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November 9, 2009
Volume 87, Number 45
p. 56

Cardboard Scents, Splatter Science, Bear Break-Ins

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Cardboard:Smells like non-2-enal.
Bandit Bears:Prefer to pillage minivans.

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N o one likes coming home to find rain-soaked parcels on the doorstep. It's not just the feel of wet cardboard and worries of ruined contents that are off-putting. Chemists in Germany have found that WET CARDBOARD has a drastically more intense odor profile than dry cardboard (J. Agric. Food Chem., DOI: 10.1021/jf901435n).

Michael Czerny and Andrea Buettner of the Faunhofer Institute for Process Engineering & Packaging used aroma extract dilution analysis and high-resolution gas chromatography/mass spectrometry to determine which molecules give cardboard its distinct odor profile. Detailed knowledge about such scents and their sources could help prevent the scent of packaging from permeating its contents, they say—something that's particularly important when there's food in the box.

The researchers found that the classic woody cardboard smell comes from E- and Z-non-2-enal, as well as from an unidentified compound. In total, 36 compounds, including the peach-smelling dodecalactone and the "horse stable-like" 4-methylphenol, contribute to the bouquet.

Czerny and Buettner note that only some of these odor compounds are released from the surface of dry cardboard. The others, they believe, are intermingled with the cellulose in the inner portion of cardboard. When the cardboard gets wet, the water acts as a solvent and releases them, producing a more pungent odor.

Insect splatter is a nuisance for most of us, but for Pennsylvania State University genomics professor Anton Nekrutenko and his colleagues, there's a future in BUG CARNAGE that doesn't involve a squeegee. Rather, they report in Genome Research (DOI: 10.1101/gr.094508.109), it's possible to gather a mass of metagenomic data from the mess on your windshield.

Metagenomics obtains genetic material directly from environmental samples. So far, the technique has largely been used for cataloging microbes. After a long-distance drive to a conference, however, Nekrutenko wondered whether he could apply metagenomic analysis to higher organisms—the insects that met their demise on his bumper.

To test that idea, Nekrutenko recruited some colleagues and outfitted a 2006 Dodge Caravan dubbed "The Wanderer" as the team's sample collector by applying tape to the front bumper. They then took two road trips, one from State College, Pa., to Manchester, Conn., and another from Portland, Maine, to Moncton, New Brunswick.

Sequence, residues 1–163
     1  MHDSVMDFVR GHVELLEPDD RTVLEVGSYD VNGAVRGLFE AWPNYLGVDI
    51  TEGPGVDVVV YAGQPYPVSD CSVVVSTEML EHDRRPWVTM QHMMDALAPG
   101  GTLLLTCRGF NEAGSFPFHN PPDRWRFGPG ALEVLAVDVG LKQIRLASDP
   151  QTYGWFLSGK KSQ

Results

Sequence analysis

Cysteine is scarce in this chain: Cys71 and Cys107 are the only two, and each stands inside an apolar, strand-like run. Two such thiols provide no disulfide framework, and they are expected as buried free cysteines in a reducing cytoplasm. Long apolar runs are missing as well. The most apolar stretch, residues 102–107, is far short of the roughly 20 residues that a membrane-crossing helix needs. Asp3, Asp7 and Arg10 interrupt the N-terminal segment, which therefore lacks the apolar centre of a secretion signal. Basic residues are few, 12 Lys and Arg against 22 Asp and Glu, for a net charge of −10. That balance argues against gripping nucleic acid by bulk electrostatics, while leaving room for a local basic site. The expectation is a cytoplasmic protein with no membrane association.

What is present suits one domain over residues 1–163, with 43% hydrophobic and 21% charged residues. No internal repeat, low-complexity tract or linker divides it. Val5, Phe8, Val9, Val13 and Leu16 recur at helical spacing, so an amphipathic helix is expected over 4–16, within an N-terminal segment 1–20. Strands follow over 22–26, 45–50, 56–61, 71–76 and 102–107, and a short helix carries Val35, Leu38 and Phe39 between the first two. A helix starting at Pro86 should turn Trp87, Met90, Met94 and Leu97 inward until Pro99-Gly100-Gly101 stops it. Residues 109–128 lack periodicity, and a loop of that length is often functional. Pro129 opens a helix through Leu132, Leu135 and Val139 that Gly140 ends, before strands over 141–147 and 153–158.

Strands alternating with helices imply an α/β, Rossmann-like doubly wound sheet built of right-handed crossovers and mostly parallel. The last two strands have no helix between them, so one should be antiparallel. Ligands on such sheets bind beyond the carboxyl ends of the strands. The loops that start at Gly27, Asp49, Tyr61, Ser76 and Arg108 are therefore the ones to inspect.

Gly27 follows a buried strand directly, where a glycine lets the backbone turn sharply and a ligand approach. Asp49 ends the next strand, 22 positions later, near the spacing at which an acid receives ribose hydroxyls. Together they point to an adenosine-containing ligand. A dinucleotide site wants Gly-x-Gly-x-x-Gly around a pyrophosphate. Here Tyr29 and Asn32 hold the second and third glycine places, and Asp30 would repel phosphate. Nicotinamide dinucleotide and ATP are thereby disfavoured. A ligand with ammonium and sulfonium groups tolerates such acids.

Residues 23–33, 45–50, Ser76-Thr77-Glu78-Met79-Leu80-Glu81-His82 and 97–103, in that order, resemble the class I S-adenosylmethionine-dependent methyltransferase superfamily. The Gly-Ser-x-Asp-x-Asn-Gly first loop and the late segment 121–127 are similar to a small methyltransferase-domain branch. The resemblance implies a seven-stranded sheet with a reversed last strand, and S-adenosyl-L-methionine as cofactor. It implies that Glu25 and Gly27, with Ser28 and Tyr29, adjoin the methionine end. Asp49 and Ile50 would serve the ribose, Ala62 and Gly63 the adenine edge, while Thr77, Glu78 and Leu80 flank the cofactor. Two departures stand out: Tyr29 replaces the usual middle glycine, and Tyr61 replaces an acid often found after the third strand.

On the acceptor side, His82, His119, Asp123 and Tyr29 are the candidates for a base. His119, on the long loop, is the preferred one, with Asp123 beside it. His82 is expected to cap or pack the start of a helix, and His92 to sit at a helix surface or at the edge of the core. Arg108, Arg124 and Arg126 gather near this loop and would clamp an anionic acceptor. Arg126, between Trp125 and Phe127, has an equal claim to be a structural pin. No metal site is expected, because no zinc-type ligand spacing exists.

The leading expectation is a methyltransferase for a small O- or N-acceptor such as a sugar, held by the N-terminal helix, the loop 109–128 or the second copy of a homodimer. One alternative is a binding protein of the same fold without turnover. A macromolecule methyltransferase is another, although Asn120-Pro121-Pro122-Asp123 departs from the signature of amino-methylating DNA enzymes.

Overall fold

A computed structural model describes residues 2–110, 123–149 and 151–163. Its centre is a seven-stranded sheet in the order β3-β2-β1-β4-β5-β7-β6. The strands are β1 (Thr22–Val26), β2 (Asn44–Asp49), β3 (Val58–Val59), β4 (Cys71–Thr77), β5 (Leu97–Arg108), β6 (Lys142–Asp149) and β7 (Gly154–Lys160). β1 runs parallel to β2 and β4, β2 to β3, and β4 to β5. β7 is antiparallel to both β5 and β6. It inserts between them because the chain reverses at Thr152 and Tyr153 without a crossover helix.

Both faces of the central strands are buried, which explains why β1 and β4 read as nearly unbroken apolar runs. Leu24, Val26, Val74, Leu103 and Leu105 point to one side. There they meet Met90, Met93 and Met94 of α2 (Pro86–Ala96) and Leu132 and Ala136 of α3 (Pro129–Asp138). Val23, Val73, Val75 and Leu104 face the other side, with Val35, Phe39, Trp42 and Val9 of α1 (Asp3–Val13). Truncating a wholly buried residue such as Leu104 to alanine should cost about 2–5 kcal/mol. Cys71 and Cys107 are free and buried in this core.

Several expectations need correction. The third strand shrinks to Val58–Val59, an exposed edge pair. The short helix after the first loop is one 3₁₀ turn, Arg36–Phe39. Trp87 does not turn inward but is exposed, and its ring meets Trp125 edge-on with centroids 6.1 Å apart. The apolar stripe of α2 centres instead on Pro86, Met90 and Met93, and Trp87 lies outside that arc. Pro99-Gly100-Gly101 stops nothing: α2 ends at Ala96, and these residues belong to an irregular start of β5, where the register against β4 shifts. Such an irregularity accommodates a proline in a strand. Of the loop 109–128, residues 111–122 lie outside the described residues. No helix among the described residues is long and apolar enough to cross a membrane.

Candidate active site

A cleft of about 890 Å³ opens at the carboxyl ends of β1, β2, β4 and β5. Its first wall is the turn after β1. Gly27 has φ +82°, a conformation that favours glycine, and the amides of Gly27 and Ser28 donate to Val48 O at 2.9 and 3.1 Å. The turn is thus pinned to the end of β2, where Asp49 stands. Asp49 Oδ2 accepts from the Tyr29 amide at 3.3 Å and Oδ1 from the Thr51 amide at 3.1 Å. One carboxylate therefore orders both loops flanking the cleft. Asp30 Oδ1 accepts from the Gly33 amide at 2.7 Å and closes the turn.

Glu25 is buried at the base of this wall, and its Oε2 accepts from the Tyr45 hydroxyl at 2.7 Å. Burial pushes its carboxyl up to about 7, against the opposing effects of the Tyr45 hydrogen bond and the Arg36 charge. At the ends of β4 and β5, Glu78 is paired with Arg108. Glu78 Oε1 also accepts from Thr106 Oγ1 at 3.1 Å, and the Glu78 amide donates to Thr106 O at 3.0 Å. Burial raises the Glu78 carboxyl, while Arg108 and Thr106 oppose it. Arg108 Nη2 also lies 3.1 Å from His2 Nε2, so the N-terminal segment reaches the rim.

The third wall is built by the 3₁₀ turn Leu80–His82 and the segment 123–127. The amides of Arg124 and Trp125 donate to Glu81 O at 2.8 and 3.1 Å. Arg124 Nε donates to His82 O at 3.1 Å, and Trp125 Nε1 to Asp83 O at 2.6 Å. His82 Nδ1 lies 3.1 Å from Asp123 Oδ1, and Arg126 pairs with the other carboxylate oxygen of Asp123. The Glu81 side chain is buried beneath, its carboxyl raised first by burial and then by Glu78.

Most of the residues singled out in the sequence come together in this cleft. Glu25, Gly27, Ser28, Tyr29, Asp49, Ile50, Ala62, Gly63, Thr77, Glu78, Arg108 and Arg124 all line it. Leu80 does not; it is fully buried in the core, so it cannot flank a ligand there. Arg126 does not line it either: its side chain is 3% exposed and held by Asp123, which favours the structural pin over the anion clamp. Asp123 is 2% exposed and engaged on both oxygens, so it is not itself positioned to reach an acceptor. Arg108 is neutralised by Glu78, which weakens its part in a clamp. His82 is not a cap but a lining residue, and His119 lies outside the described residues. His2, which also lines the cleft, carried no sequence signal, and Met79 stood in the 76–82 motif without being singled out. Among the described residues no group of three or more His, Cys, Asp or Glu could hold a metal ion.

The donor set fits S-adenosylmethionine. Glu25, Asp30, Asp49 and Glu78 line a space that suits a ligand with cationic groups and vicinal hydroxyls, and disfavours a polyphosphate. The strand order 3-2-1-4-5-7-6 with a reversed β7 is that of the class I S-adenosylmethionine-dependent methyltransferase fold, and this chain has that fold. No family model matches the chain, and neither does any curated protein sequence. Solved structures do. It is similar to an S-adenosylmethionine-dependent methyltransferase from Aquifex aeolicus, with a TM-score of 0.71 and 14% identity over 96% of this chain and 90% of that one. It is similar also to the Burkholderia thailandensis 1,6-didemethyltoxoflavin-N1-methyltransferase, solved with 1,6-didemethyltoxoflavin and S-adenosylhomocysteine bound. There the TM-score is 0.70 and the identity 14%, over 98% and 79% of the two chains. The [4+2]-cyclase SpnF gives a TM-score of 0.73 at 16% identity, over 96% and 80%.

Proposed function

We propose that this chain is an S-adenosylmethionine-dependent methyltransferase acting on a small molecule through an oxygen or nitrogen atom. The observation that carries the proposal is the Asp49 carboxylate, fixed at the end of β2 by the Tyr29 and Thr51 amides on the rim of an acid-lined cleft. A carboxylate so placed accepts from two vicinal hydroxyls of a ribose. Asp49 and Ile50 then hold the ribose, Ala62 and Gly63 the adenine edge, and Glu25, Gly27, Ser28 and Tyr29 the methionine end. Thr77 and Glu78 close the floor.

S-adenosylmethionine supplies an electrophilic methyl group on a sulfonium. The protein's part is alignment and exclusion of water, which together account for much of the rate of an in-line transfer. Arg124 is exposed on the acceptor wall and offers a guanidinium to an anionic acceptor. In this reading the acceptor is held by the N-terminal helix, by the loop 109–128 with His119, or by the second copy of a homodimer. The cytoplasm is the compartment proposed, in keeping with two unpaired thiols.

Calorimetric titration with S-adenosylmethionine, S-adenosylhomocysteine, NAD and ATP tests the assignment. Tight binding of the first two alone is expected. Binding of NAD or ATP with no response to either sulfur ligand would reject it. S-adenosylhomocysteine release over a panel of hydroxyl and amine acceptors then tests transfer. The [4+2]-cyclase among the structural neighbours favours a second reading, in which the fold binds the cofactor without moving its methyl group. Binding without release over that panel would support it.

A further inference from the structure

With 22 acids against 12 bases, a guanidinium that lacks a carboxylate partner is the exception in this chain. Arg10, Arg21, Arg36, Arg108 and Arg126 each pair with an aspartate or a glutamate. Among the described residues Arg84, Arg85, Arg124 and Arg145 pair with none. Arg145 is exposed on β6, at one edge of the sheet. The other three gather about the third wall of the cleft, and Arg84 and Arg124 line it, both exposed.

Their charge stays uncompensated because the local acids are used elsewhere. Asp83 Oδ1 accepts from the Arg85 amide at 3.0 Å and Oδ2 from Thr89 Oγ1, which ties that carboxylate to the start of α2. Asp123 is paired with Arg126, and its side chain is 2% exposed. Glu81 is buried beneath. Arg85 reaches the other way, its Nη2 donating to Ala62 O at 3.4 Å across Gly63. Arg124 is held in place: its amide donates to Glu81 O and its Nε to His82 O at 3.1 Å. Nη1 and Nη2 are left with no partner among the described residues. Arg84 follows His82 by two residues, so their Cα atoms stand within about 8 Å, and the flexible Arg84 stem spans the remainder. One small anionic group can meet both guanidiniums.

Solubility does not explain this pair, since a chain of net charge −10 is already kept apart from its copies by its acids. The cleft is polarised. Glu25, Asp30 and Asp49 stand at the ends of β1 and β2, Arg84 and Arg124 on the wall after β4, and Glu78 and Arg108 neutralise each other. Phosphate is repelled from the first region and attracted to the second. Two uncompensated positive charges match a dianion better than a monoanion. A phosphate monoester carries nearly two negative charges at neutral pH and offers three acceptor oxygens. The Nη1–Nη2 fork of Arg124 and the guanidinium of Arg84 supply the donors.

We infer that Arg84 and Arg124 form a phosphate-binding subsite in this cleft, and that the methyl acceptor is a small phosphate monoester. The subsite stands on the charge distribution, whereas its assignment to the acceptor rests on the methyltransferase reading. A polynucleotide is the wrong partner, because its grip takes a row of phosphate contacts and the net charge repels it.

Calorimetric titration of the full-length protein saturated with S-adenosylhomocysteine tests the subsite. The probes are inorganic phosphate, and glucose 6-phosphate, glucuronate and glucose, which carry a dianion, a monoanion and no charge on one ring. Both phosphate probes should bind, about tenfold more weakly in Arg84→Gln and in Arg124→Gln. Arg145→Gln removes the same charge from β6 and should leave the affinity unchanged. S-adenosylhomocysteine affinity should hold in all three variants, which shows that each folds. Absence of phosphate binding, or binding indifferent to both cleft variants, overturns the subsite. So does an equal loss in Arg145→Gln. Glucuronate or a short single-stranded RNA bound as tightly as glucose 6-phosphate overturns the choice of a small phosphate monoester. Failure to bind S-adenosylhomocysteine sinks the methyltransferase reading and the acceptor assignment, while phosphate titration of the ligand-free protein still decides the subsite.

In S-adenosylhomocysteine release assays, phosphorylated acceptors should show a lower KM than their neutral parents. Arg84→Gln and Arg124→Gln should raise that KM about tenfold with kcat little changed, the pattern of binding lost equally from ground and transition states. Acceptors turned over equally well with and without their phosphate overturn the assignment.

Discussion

Matching the meta-genomic data derived from splatter with species proved a bit difficult, the researchers concede, because the genetic code of just a fraction of the world's 10 million or so insect species is known. Still, the group was able to discern significant differences between the two regions.

The black bears of Yosemite National Park have a clear choice when it comes to vehicles that come within reach: A study in the latest issue of the Journal of Mammalogy (2009, 90, 1041) reports that YOSEMITE BLACK BEARS break in to minivans more often than any other model of car.

Stewart W. Breck and coworkers at the U.S. Department of Agriculture's National Wildlife Research Center, in Fort Collins, Colo., surveyed 908 black-bear break-ins from 2001 to 2007. They found that 26% of the vehicles targeted were minivans. The bears even discovered they can easily pop open the vehicle's rear side window like they're opening a soda can.

Why minivans? It's about minimizing effort and maximizing calories, the researchers say. Minivans, which are popular among families with small children, tend to smell of spilled food. They also often carry well-stocked coolers and grocery bags. So if you're a minivan driver heading to Yosemite, bear in mind two things: food lockers and car washes.

Bethany Halford wrote this week's column. Please send comments and suggestions to

Chemical & Engineering News
ISSN 0009-2347
Copyright © 2011 American Chemical Society
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